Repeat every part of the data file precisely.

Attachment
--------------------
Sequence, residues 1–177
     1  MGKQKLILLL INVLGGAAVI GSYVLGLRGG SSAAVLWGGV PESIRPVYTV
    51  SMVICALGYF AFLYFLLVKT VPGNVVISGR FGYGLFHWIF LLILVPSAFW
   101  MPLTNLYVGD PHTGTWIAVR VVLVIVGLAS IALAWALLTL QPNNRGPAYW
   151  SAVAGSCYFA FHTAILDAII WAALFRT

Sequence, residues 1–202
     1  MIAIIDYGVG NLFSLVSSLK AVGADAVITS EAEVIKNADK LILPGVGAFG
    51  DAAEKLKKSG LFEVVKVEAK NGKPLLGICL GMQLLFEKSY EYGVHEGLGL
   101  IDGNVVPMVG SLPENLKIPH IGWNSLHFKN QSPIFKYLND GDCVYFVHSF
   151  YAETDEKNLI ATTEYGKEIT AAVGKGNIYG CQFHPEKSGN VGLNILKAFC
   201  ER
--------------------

Sequence, residues 1–177
     1  MGKQKLILLL INVLGGAAVI GSYVLGLRGG SSAAVLWGGV PESIRPVYTV
    51  SMVICALGYF AFLYFLLVKT VPGNVVISGR FGYGLFHWIF LLILVPSAFW
   101  MPLTNLYVGD PHTGTWIAVR VVLVIVGLAS IALAWALLTL QPNNRGPAYW
   151  SAVAGSCYFA FHTAILDAII WAALFRT

Sequence, residues 1–202
     1  MIAIIDYGVG NLFSLVSSLK AVGADAVITS EAEVIKNADK LILPGVGAFG
    51  DAAEKLKKSG LFEVVKVEAK NGKPLLGICL GMQLLFEKSY EYGVHEGLGL
   101  IDGNVVPMVG SLPENLKIPH IGWNSLHFKN QSPIFKYLND GDCVYFVHSF
   151  YAETDEKNLI ATTEYGKEIT AAVGKGNIYG CQFHPEKSGN VGLNILKAFC
   201  ER